The image below shows a typical UL marking tag - courtesy of UL.
The European electrical and protective equipment certification system in Europe is commonly known as the ATEX directive. Per the official document, “Equipment and protective systems intended for use in potentially explosive atmospheres (ATEX) cover a range of products, including those used on fixed offshore platforms, petrochemical plants, mines, and flour mills, amongst others.”
A typical example of an Alfa Laval centrifuge suitable for hazardous locations would be marked as ATEX II 3 G (Zone 2) II B T3.
The reader can reference specific zone details in this ATEX summary. The image below shows a typical IEC ATEX marking tag - courtesy of Intertek.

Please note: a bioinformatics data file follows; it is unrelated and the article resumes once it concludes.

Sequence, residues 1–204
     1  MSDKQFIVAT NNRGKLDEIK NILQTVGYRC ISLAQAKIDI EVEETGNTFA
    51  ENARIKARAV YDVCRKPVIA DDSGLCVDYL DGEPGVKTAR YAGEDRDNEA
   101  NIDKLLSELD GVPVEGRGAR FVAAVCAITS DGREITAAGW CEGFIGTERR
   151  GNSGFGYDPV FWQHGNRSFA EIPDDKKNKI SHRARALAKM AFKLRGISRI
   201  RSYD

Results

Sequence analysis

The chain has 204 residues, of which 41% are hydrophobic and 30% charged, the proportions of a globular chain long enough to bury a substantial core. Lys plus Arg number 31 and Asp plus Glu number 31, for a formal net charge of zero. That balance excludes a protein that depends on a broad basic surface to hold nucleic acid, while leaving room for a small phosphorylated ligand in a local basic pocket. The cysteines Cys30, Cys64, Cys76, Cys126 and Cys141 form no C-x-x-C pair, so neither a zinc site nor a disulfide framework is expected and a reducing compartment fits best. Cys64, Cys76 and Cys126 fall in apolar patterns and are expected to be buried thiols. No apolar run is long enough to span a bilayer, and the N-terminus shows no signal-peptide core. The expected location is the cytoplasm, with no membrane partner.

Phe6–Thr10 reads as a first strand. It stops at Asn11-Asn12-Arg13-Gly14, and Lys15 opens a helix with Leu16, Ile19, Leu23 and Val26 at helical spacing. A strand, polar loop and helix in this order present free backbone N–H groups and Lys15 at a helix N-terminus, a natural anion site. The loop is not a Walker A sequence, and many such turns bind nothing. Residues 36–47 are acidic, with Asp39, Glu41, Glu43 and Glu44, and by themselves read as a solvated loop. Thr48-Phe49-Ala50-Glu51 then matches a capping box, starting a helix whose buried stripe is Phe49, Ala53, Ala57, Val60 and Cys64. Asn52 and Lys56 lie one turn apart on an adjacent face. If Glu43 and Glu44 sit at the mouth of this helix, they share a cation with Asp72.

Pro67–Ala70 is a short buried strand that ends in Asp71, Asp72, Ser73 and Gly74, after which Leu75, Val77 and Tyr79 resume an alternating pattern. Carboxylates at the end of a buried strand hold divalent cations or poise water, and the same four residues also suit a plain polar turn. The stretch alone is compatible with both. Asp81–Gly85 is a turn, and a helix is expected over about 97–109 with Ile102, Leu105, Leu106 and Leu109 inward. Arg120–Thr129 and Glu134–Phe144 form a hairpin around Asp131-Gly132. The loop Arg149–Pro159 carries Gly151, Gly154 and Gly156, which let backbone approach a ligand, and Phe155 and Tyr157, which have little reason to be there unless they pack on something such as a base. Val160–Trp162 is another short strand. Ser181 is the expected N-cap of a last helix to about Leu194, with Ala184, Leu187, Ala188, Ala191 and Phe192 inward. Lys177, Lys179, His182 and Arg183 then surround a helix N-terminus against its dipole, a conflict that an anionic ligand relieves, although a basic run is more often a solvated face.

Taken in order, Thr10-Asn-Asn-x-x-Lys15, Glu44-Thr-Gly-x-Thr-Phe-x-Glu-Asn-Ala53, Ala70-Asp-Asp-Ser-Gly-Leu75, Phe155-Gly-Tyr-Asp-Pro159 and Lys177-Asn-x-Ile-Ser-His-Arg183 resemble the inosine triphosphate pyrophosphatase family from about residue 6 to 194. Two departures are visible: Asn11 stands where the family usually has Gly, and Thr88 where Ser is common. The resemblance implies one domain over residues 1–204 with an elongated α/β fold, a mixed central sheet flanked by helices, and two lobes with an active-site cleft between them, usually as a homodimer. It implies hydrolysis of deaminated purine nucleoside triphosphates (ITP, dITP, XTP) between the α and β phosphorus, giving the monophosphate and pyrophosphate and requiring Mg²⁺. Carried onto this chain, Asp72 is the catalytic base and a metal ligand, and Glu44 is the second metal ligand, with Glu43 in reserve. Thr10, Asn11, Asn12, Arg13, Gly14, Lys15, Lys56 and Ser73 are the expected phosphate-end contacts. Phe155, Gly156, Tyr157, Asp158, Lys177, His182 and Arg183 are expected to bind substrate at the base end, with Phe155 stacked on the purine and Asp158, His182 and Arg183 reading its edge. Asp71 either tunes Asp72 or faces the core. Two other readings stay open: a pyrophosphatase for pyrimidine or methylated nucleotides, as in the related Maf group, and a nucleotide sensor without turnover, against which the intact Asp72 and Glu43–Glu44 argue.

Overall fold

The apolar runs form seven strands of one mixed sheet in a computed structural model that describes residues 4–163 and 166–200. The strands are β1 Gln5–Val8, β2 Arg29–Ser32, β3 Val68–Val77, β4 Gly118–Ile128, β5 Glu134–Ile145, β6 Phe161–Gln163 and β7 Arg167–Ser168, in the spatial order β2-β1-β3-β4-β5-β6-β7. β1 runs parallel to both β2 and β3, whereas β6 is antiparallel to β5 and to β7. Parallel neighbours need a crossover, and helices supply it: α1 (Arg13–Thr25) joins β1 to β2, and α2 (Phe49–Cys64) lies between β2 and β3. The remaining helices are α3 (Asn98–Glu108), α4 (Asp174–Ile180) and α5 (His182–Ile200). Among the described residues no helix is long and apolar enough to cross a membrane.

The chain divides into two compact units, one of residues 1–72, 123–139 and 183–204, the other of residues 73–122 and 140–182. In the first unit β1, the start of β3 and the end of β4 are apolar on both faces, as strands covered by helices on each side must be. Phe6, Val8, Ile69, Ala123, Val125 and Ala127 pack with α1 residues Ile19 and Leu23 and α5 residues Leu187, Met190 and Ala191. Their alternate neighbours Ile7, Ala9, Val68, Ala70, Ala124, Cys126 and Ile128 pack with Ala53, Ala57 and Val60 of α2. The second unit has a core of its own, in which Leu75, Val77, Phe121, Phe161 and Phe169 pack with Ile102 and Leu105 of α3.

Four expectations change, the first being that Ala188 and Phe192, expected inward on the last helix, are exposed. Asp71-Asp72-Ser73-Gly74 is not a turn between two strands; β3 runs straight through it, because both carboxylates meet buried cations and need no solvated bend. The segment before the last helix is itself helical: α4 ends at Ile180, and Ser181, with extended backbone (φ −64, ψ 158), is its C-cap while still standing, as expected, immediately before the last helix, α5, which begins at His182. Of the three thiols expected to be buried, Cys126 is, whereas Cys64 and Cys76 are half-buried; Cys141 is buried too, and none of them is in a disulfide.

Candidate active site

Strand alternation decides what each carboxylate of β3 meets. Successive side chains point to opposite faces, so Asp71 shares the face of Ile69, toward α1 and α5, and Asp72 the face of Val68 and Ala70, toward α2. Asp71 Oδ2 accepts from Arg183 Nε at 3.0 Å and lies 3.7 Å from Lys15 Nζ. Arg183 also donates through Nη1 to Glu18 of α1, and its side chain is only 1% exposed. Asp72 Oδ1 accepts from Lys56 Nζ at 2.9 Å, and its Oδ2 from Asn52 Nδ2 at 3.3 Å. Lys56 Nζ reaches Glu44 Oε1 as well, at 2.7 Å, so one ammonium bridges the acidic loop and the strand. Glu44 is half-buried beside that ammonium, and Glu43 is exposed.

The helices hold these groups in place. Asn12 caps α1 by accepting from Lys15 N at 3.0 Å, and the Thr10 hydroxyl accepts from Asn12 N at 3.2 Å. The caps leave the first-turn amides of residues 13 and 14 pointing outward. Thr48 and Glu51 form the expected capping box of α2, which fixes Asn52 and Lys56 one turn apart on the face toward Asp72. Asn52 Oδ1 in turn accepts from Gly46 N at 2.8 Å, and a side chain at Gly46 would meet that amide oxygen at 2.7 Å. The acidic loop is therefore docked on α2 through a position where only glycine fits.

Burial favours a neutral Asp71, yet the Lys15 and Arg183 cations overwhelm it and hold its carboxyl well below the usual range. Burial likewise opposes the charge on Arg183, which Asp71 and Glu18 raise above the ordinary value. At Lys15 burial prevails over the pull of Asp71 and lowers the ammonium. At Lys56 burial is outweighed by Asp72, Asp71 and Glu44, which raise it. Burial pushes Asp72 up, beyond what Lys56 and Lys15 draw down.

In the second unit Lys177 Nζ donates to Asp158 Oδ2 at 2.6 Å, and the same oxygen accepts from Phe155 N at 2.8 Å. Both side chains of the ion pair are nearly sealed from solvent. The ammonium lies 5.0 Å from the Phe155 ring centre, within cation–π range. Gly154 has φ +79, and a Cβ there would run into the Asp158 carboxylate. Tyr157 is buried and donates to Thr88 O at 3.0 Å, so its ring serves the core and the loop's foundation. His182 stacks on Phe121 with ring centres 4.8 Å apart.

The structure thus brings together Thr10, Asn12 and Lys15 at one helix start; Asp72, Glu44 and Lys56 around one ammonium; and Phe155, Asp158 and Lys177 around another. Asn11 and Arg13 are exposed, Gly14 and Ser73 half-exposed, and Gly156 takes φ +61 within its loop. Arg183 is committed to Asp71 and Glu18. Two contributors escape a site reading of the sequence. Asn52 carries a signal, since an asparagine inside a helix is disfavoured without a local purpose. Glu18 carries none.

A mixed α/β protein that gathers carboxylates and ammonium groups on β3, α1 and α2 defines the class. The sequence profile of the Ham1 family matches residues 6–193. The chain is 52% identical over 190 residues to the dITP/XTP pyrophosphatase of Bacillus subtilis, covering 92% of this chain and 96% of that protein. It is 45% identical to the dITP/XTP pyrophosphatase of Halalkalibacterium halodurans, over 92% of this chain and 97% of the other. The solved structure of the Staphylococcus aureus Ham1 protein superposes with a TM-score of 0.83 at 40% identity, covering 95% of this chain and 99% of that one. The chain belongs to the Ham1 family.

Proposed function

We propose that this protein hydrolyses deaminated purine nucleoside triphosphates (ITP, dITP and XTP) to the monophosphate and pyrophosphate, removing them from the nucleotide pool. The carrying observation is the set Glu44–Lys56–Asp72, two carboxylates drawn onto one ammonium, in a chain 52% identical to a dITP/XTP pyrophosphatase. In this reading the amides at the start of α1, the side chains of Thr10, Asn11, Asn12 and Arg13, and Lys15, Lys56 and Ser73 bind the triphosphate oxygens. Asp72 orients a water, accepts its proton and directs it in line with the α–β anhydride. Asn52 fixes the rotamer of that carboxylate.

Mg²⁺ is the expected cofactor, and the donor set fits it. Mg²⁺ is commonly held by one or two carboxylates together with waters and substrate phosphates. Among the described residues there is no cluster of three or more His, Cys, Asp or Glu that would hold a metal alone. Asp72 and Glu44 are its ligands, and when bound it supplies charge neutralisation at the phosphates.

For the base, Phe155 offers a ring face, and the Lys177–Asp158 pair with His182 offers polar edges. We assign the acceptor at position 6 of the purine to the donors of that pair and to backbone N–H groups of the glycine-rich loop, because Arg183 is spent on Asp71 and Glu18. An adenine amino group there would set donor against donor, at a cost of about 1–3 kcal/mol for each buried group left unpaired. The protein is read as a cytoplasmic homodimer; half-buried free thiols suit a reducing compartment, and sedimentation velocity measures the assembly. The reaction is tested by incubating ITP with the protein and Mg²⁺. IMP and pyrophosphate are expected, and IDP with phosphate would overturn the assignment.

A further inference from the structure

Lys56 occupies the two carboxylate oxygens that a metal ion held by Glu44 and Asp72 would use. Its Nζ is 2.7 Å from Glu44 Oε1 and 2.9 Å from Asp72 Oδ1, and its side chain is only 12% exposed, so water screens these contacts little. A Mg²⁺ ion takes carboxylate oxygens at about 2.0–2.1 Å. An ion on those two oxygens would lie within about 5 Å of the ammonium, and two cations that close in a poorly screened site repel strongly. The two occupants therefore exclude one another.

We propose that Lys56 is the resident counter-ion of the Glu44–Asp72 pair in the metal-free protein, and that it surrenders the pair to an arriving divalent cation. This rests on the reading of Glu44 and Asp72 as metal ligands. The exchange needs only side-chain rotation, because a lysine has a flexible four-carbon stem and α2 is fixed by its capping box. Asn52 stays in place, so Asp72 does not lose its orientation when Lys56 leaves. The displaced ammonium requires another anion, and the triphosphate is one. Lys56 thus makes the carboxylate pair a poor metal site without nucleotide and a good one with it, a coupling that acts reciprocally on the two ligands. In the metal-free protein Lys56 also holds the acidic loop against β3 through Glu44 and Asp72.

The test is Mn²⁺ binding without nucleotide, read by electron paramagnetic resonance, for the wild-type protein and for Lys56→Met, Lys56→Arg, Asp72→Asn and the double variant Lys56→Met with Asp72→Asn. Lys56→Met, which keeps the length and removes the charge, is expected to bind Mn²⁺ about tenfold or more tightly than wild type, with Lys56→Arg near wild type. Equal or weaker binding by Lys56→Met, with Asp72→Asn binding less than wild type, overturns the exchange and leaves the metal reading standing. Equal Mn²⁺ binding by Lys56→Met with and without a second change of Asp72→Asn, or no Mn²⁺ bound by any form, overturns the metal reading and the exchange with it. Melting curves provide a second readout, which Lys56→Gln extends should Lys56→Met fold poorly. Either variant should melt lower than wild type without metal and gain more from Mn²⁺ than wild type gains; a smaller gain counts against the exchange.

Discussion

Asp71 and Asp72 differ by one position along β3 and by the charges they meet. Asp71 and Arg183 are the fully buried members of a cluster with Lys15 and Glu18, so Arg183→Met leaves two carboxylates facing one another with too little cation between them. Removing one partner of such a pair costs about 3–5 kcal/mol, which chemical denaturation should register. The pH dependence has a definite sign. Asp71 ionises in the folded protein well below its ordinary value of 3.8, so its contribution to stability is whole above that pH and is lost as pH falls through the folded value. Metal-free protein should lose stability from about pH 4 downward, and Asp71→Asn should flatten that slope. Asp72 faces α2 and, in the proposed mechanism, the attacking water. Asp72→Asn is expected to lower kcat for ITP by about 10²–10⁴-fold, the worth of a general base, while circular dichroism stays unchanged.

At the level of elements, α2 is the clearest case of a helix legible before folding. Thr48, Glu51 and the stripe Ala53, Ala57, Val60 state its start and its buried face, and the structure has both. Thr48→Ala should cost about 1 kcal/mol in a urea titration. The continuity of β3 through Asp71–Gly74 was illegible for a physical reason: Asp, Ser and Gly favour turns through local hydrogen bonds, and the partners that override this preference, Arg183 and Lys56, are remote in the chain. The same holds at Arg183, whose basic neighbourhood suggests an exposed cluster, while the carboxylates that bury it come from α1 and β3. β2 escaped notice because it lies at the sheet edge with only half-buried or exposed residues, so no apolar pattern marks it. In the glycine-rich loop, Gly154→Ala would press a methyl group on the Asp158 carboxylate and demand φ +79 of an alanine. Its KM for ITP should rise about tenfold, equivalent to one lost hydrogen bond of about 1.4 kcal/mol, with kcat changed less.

IS (International Standard) has guidelines for hazardous area designation and compliance, similar to the ATEX guidelines. The IEC (International Electrotechnical Commission) maintains these standards.
Electrical components used on industrial centrifuges designed for hazardous areas must meet the designated classification and be certified to the same standard. These parts fall into the following categories.
Industrial electrical enclosures house various electrical components, which can cause sparking during routine operations. These sparks can cause flammable gases or vapors to ignite if they are present in high concentrations. Therefore centrifuge control system enclosures need to be appropriately isolated from the surrounding environment through proper sealing.
Depending on the classification level, an inert gas purging system may be installed on the enclosure, as shown above. This device creates and maintains an inert gas atmosphere within the enclosure that prevents the ignition of flammable gases or vapors by replacing oxygen.